Do not follow up with a hard copy unless asked to do so or if you are sending a processing fee through the mail.  The only way we can accept processing fees is with a hard copy check or money order payable to the U.S. Fish and Wildlife Service.

      Reports – if you are submitting a report, no further action is needed.

      Applications – if you are submitting an application.  No further action is needed; however, we do recommend following up with our office if you have not heard from us after 6 months.

      Questions – if you have a question, a response may require research and time.  We appreciate your patience and will respond to your inquiry at our earliest opportunity.

       

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    3. Farewell to Bruce Peterjohn, BBL Chief

      Author: Ornithological Council

      Please join the Ornithological Council in saying farewell to Bruce Peterjohn, chief of the USGS Bird Banding Lab, who has announced his retirement.  We thank him for his superb service to the ornithological community and to the science and practice of bird banding, through both his excellent management of the BBL under very trying circumstances and for his own contributions as a long-time bander.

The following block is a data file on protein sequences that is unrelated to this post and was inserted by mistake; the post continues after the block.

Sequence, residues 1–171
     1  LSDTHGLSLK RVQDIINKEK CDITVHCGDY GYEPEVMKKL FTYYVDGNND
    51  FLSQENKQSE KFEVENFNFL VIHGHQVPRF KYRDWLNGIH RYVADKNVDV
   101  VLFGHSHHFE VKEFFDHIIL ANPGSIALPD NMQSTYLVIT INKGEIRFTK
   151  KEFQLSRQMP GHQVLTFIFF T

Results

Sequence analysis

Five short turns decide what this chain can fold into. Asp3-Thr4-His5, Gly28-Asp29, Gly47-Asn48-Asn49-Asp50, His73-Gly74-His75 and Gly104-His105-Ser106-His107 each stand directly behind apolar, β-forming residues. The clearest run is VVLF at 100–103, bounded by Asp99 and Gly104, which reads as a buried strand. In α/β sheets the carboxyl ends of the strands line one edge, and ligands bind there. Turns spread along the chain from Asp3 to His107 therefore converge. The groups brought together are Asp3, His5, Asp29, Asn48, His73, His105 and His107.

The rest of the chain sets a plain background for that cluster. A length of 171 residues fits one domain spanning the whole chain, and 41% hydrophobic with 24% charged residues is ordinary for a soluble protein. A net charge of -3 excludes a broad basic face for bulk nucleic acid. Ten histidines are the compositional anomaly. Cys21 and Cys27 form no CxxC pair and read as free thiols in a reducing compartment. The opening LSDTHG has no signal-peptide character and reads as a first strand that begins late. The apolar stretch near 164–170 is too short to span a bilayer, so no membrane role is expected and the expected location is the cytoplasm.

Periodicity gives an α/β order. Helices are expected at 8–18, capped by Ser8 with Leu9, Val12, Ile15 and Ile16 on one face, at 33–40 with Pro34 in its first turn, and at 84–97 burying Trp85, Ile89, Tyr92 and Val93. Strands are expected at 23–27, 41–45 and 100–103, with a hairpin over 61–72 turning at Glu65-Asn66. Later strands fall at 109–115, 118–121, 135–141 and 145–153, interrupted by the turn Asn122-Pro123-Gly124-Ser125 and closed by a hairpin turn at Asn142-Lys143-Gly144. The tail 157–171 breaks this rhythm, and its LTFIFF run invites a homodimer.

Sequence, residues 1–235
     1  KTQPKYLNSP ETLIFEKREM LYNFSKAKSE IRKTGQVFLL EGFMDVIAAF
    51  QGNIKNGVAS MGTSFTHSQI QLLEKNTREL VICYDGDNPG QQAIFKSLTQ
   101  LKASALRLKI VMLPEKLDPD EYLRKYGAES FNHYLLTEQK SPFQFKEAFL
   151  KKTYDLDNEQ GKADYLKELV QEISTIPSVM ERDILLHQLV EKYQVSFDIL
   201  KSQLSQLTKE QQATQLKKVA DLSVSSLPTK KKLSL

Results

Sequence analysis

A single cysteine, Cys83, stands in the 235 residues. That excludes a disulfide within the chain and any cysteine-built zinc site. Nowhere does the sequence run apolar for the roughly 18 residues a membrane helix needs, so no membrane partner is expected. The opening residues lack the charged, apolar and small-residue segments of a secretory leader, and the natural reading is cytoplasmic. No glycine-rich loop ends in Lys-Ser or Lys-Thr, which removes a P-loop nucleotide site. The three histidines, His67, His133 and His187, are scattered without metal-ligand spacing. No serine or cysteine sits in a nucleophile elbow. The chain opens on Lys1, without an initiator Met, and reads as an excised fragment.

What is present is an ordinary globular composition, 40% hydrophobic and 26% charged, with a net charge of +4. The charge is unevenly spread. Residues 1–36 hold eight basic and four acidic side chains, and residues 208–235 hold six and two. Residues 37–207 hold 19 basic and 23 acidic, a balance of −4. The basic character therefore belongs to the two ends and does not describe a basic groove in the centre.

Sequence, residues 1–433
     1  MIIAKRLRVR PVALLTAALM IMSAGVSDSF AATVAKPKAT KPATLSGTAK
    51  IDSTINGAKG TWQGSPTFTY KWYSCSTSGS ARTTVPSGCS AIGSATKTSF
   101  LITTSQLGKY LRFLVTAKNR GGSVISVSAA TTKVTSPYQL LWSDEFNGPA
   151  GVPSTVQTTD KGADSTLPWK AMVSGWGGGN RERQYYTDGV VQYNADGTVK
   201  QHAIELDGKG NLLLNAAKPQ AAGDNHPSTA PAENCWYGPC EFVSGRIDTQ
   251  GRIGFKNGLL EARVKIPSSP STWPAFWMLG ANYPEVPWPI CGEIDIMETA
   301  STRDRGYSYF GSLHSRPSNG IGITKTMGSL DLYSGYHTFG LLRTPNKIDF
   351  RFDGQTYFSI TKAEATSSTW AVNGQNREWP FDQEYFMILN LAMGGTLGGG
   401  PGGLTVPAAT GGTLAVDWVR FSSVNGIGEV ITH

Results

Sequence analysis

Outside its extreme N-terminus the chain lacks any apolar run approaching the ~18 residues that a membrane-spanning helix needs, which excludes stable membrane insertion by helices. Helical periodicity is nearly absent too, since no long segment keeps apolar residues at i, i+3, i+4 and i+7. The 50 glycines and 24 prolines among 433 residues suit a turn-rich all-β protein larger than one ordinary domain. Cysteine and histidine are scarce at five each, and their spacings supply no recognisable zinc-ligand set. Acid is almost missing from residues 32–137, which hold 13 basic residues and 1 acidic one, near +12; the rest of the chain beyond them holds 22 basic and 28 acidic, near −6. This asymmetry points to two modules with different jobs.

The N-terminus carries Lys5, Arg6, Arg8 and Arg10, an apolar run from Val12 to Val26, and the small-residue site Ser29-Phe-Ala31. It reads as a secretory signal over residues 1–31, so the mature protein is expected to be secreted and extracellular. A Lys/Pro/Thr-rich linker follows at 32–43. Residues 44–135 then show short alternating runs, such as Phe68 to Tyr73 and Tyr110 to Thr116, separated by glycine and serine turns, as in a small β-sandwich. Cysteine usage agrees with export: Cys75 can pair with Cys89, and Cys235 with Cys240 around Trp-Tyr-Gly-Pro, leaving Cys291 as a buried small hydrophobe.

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    4. USFWS permit apps NOW ONLINE

      Author: Ornithological Council

      The Ornithological Council has been encouraging the USFWS to develop an online permitting system since 2002 and congratulates the agency on reaching this important junction - online permit applications. We encourage everyone to register; if you encounter any problems or questions, please let us know and we will relay them to the USFWS.

      To apply for permits through the Service’s new payment platform, visit: https://epermits.fws.gov/. For more information regarding the permitting process, visit: https://www.fws.gov/permits/.

       

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    5. BirdsCaribbean and the Bahamas National Trust need our help!